Merciful God, Your Son, Jesus Christ, was lifted high upon the cross that He might bear the sins of the world and draw all people to Himself. Grant that we who glory in His death for our redemption may faithfully heed His call to bear the cross and follow Him, who lives and reigns with You and the Holy Spirit, one God, now and forever. AMEN!
Read St. John 12:20-33
I have no doubt that you have encountered more than a few crosses during the course of your life; whether it be a cross in your homes, or a cross in a church or a chapel, or even an unintentional cross that would otherwise go unnoticed by many.
Well today, I would like to reflect on three crosses in particular that have made an impression on me over the years as we contemplate this Church festival so aptly named Holy Cross Day.
The first cross that sticks with me is the processional cross in the small church which I was raised in, in the Bronx. I am very familiar with this cross as I have probably carried it more than anyone else, serving as crucifer basically every Sunday through high school and college.
Including the pole it sat on and the cross, it was about 7 feet from floor to top. The pole
was just a wood rod, but the cross that topped it was brass, and therefore quite heavy.
Of the many crosses that adorned the church and the adjoining school, that one was my favorite because it was brass. I never was a big fan of Lent growing up, because during Lent the tradition of the congregation was to drape all the crosses in purple, thus covering up that brass; but oh how glorious it was on Easter Sunday morning, when the purple drapes were removed and the lights glistened off of that mighty brass cross.
The second cross that sticks with me is the altar cross in the Chapel of St. Timothy and St. Titus on the campus of Concordia Seminary in St. Louis. When I first went to chapel, I actually did not see it for quite a while. But I remember looking at that massive stained glass window that sits behind it and wondering why there seemed to be something breaking the pattern of the window. There was the dividing pattern of the frame, but there was something else that was intersecting with the plates of glass in the window.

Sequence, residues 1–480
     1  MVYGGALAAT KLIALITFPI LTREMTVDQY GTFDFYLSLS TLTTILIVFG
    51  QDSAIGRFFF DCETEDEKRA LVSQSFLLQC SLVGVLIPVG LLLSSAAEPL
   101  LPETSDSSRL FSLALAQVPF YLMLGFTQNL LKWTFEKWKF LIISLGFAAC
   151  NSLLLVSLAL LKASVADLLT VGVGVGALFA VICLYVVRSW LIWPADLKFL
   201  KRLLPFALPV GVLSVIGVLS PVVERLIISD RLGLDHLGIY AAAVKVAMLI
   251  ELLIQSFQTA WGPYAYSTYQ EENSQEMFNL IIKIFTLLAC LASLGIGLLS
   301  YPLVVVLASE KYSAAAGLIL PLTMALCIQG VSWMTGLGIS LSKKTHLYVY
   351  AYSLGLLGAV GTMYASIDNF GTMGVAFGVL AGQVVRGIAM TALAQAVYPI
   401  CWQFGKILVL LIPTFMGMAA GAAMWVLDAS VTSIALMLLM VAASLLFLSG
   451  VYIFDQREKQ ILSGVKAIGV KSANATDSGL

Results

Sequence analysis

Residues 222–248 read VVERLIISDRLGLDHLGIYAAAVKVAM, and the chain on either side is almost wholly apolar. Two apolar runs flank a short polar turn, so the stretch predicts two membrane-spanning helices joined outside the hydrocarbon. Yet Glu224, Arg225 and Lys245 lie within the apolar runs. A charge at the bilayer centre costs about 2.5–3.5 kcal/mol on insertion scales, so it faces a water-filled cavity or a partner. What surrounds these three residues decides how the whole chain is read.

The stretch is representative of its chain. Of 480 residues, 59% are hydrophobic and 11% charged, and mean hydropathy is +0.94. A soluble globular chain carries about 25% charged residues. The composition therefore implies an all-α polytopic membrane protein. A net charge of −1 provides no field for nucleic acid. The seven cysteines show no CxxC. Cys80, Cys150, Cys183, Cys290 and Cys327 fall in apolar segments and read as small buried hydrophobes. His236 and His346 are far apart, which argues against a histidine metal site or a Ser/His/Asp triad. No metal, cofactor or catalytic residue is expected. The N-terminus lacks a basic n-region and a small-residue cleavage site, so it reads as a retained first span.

Finally, after staring at it for weeks, I finally realized that there was this bizarre looking cross hanging down from the ceiling in front of the window. If you knew that it was there, you could see the cross every time, but there were days, particularly in the afternoon when the sun was shining in, when you just had to trust that the cross was still there.
The third cross that sticks with me is the cross that is in the basement of the congregation that I serve, and this cross comes up into the sanctuary during Lent and Easter. You are probably familiar with it, because it is a cross that is seen in many churches, as it was made from two Christmas trees many, many years ago. This particular cross serves as a
wonderful reminder of our Lord’s Passion during the season of Lent; but the problem with it is that there is just no good way to move it around. It is big and heavy and cumbersome,
especially when bringing it up and down the stairs from the basement. I have learned over the past few years, that it is best to find a member of the youth group to move it so I do not have to.
I describe these crosses because they are truly what the cross is to each of us during this earthly life. The cross is that bright and glorious thing that we set on a pedestal and put in the center of the room and boldly declare that this is the great symbol of our Christian faith. When life is going good and things are going our way, we want the absolute biggest, boldest cross we can find.
But the cross is also that thing that is sometimes hard to see. We know it is there, but
sometimes we just have to believe it is there because it becomes clouded by the things of this world. When terrorists attack, when natural disasters strike, when the economy continues to suffer, it seems as though the cross is far from us. The cross becomes blocked by the attacks of the devil and his angels on us. Yet we know the cross remains ever present and near us, even when we cannot always see it there.
And finally the cross can also be a burden, because there are many days when we would like to cast off the cross and do all those sins that are freely offered by the world. And yet, when we try to make the leap and commit those forbidden sins, there is the cross reminding us that we are children of our heavenly Father and have been called upon to resist those temptations of the flesh that pursue us.
Of course there is one more cross that has made an impression on each of us, both literally and figuratively. In the waters of Holy Baptism the sign of the cross was made upon our foreheads, marking us as children of God, who have been redeemed from the fires of hell.
It is this last cross that was first made upon us in Holy Baptism that forever reminds us of what those fancy crosses, and those mysterious crosses and those burdensome crosses all point to: that upon the cross extended, we see our Lord was suspended; freely taking upon Himself the shame and the blows and bitter death.
He hangs there not on a cross of brass; not on an invisible cross; and not even on a Christmas tree cross; but on a real cross outside of the real city of Jerusalem, where he took away the real sins that clung to you, so that you might see those other crosses and know that your salvation was secured upon a most holy cross.